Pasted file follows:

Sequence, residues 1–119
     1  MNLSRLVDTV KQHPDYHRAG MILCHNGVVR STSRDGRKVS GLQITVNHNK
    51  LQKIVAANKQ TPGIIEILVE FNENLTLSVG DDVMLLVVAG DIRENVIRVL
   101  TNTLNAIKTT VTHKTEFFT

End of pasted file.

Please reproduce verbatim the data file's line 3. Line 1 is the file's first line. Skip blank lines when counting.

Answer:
    51  LQKIVAANKQ TPGIIEILVE FNENLTLSVG DDVMLLVVAG DIRENVIRVL